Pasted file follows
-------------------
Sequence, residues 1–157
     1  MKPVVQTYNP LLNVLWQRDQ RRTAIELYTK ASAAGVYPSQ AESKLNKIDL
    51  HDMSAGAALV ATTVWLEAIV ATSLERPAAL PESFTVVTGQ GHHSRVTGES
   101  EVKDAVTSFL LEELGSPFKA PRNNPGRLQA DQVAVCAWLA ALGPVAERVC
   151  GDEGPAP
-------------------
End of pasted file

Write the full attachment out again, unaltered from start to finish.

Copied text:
Sequence, residues 1–157
     1  MKPVVQTYNP LLNVLWQRDQ RRTAIELYTK ASAAGVYPSQ AESKLNKIDL
    51  HDMSAGAALV ATTVWLEAIV ATSLERPAAL PESFTVVTGQ GHHSRVTGES
   101  EVKDAVTSFL LEELGSPFKA PRNNPGRLQA DQVAVCAWLA ALGPVAERVC
   151  GDEGPAP